Reporters covering energy and the environment are gearing up to spend 2020 digging into the impacts of the Trump administration’s regulatory rollbacks, and energy development will likely be caught in the crossfire. According to speakers at the Society of Environmental Journalist’s Journalists’ Guide to Energy and Environment, negative effects of regulatory rollback—especially impacts on public health—will be at the front of reporters’ minds, while the benefits of increased energy production are unlikely to garner conventional media attention.

“This is the time when what we’re starting to look at and think about [is that] we’ve had all these rollbacks… How do we explain to people why any of this matters and how it matters?” said Lisa Friedman, a climate change reporter for The New York Times.

In 2020, the SEJ and its members see their role as that of challenger to both industry and pro-development figures in the federal government. To do so, they are pushing for records requests to try to uncover improper relationships between industry and members of the Interior Department and Environmental Protection Agency.

“Documents make journalism. That is why FOIA [Freedom of Information Act] requests will continue to be a battleground in 2020,” said Jeff Burnside, a member of SEJ’s board of directors. Burnside added that both the EPA and the Interior Department had announced changes to their FOIA policies which SEJ is fighting in court.

“Expect lawsuits in 2020,” he said.

The SEJ has already filed a formal comment objecting to proposed changes which it says “gut” the Interior Department’s FOIA policy. The change would limit the amount of records the public can request and would allow Interior to deny requests it deemed “unreasonably burdensome.” Burnside’s comment implies that the group is ready to take the issue to court if its concerns are not addressed in the final changes.

The SEJ’s comment is part of a broader attitude of scrutiny of how federal agencies are handling public land use policy, with a bias against any industry—including farming and ranching—that might have environmental impact.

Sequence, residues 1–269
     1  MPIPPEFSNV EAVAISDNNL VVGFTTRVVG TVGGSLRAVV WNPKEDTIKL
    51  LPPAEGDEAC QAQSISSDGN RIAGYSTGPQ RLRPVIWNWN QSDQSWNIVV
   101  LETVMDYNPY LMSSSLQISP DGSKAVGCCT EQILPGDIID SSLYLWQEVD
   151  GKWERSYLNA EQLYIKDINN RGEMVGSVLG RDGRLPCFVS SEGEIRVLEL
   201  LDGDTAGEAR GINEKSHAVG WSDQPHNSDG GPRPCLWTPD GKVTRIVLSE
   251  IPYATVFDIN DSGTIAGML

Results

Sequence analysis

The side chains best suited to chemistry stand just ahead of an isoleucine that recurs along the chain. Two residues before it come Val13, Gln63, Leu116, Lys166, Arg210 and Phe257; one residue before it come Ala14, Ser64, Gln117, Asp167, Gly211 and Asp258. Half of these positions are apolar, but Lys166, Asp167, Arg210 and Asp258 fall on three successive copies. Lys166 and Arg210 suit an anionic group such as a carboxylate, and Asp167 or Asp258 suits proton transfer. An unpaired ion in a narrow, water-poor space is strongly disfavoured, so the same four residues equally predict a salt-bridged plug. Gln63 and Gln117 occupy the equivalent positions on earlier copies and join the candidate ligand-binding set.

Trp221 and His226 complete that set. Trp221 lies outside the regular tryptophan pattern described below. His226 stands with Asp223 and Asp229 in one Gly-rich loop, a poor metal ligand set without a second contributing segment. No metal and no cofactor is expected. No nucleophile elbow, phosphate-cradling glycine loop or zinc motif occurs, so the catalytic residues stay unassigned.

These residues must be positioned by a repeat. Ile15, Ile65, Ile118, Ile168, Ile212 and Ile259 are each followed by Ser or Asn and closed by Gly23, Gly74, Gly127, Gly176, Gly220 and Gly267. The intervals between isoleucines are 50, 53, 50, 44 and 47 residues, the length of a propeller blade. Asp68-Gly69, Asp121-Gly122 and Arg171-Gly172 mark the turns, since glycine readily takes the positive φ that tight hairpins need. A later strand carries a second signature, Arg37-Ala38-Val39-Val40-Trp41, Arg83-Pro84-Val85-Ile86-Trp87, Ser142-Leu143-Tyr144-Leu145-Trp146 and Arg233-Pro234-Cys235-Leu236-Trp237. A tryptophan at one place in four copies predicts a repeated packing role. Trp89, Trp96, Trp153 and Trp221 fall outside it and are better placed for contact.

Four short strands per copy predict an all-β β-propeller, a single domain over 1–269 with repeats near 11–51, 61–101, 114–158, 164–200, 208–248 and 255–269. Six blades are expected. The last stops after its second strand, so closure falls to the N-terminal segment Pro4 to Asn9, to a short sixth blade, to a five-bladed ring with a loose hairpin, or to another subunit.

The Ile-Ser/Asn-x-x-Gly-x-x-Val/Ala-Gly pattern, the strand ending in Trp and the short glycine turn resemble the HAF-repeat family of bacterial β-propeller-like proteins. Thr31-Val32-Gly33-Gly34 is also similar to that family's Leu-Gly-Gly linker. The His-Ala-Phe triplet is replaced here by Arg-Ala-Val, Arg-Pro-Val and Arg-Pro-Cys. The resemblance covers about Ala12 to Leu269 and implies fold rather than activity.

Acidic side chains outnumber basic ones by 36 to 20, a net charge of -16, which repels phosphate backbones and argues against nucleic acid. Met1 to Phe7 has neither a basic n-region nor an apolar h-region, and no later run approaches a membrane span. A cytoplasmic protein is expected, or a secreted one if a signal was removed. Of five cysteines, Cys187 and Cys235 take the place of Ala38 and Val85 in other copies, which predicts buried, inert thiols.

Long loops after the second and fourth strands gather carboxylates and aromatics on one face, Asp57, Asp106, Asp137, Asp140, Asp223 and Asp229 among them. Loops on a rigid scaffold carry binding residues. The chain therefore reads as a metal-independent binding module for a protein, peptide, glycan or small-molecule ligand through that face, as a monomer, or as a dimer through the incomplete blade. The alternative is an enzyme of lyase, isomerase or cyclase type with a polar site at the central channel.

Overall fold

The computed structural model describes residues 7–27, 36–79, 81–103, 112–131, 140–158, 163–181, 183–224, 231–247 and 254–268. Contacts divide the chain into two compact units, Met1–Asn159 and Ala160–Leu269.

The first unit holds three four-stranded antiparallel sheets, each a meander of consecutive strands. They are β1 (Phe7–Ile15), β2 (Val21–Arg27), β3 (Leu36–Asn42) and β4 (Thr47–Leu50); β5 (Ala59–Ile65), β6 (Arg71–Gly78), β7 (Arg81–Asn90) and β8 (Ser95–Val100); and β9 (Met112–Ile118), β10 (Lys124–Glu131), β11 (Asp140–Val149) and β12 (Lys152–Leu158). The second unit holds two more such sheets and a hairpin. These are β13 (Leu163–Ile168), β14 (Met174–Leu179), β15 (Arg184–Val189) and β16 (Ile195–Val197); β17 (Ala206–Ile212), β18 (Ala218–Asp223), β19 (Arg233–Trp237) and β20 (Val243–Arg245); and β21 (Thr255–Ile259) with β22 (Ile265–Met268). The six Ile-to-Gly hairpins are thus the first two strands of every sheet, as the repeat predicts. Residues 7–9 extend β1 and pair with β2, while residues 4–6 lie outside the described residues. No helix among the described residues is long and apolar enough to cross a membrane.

Using material like documents obtained through FOIA, journalists are planning to dig into the negative impacts of the Trump administration’s pro-development land use policies.

“This is the time when what we’re starting to look at and think about [the fact that] we’ve had all these rollbacks…” said Lisa Friedman, a climate change reporter for The New York Times. “How do we explain to people why any of this matters and how it matters?”

Though energy production is the most obvious beneficiary of these rollbacks, agricultural groups could also find themselves facing additional scrutiny from reporters.

When it comes to how to frame this story, many of the SEJ’s more vocal members have an agenda—showing the harms of regulatory rollback—and are prepared to use energy production as a lens to tell that story. Asked about the storylines they planned to cover in 2020, leading journalists from The Washington Post, The New York Times, and other outlets told attendees at a recent SEJ conference that their long-term focus will be on the human impacts of environmental policy.

This attitude bleeds into bias in terms of how certain reporters approach stories. Discussing the 2017 legislation that opened the Alaska National Wildlife Refuge to oil drilling, Burnside urged reporters to ask if the interests of Americans and consumers were the same as those of oil companies and to push their readers to confront the impacts of climate change.

“Human health and environmental health is an under reported issue,” he said. “Its link between climate is even more difficult but your audience may not see it yet and until they and their neighbors and loved ones face real pain and can come face to face with the impacts of climate change, your reporting will be very important. In short, health problems will be more dramatic in 2020 and forevermore.”

Susan Goldberg, editor in chief of National Geographic Magazine, agreed.

“I think it is fair to say that at no time has coverage of the environment and its implications been more important than it is right now,” she said.